Don’t make social media a top priority, spend some time offline with loved ones

Abigail Kruse and Abigail Kruse

My semester has gotten off to a zippy start, but I didn’t expect much less with five classes in one day.

During one of my classes, my professor showed a video called “Live Life the Real Way.” Please, everybody, go watch it.

This spoken-word performance featuring a man with a delightful British accent is all about how social media has changed the way we interact – and maybe not for the better.

It’s pretty moving, as it takes viewers through one couple’s life together and has something of an “It’s a Wonderful Life” vibe, only without the happy ending.

There are sobering images of empty parks with still swings and sidewalks devoid of chalk and jump ropes while children play inside on iPads and video games, unaware of an era that didn’t include smart phones.

I can’t say it’s too big of an exaggeration.

My sixteen-year-old cousin works at Bob Evan’s and frequently reports, with disgust, the number of couples and families she sees eating together in silence, lost in their individual digital worlds.

The front-page photo of the December 26, 2014, issue of my sleepy hometown’s newspaper featured three teenagers at the mall sitting on a bench, two of them on their phones.

Here’s what my friends and I did at the mall back in our day: we took goofy pictures in the photo booth, spent too much money playing Skee-Ball in the arcade and drooled over earrings at Claire’s, dreaming of the day our parents would let us get our ears pierced.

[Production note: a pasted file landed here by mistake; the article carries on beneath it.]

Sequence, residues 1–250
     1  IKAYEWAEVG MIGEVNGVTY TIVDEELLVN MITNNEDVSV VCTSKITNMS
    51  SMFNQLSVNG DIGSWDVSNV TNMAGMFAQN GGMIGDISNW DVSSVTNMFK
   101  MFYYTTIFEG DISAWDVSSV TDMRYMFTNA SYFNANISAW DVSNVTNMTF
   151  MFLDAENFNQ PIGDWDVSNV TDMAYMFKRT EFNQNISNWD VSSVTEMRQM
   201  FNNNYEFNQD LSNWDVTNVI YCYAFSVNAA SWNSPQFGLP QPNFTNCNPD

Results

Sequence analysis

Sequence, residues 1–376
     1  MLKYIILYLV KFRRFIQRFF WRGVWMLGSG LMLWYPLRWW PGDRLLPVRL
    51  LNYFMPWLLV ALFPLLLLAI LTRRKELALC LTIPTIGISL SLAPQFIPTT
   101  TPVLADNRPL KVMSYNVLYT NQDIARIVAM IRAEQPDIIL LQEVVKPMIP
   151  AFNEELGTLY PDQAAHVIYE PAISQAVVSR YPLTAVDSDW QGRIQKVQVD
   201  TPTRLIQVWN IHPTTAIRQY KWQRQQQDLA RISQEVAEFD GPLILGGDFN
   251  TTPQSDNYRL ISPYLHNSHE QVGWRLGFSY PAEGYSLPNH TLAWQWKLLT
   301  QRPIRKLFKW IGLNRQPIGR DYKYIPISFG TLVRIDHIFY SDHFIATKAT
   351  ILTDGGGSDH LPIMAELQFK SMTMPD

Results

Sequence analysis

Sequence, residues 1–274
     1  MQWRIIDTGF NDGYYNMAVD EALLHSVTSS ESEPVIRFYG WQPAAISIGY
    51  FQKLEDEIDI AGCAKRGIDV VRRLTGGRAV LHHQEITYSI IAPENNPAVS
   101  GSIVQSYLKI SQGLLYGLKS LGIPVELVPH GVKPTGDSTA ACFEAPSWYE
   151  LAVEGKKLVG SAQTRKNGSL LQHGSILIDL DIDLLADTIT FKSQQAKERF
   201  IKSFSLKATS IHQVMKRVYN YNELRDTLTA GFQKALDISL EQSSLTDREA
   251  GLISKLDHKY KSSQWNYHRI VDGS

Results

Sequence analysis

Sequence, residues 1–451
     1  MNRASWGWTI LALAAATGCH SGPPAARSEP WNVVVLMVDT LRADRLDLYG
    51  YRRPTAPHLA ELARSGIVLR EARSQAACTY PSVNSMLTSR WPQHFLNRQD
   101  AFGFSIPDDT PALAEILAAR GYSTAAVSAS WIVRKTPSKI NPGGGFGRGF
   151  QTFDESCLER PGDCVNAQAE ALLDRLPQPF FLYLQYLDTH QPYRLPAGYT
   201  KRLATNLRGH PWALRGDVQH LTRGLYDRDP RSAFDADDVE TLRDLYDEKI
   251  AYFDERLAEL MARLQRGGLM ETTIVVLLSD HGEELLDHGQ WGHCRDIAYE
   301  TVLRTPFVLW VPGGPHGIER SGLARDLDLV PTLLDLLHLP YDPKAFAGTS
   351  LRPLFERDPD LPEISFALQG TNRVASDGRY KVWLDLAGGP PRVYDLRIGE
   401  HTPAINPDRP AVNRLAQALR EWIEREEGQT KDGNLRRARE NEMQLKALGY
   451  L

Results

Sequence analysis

Am I saying social media is evil? Of course not.

I’m thankful for Facebook, because it truly is a way to connect, at least a bit, with people I graduated high school with and relatives and friends who live far away. Skype was a lifesaver during break when I missed my friends from school.

As a soon-to-be English teacher, I don’t find a thing wrong with e-readers. Reading is reading. Though I enjoy holding and, yes, smelling physical books, I also enjoy the convenience, lightness and cheapness of my Kindle.

My goal is simply to remind people to let the online world have its place in your life rather than becoming your life.

As much as it serves to connect, I’ve found that it can also divide. It can make us jealous of others’ accomplishments and happy times, because we think we have missed some boat and we become unhappy.

A friend of mine mentioned, after seeing the tenth or so engagement announcement of the holiday season, that they were so annoyed that it was hard for them to even be happy for the brides-to-be. That’s pretty sad.

Pretty, pretty please, disconnect once in a while. I love seeing signs outside restaurants and such proclaiming, “No, we don’t have WiFi. Talk to each other!” That is a huge step in the right direction.

Or maybe I should say a step back in the right direction.

“This media we call social,” the poem says, “is anything but.” There is nothing wrong with wanting to document good times, on-fleek outfits and maybe even a particularly scrumptious Starbucks order.

Just don’t make it a priority.

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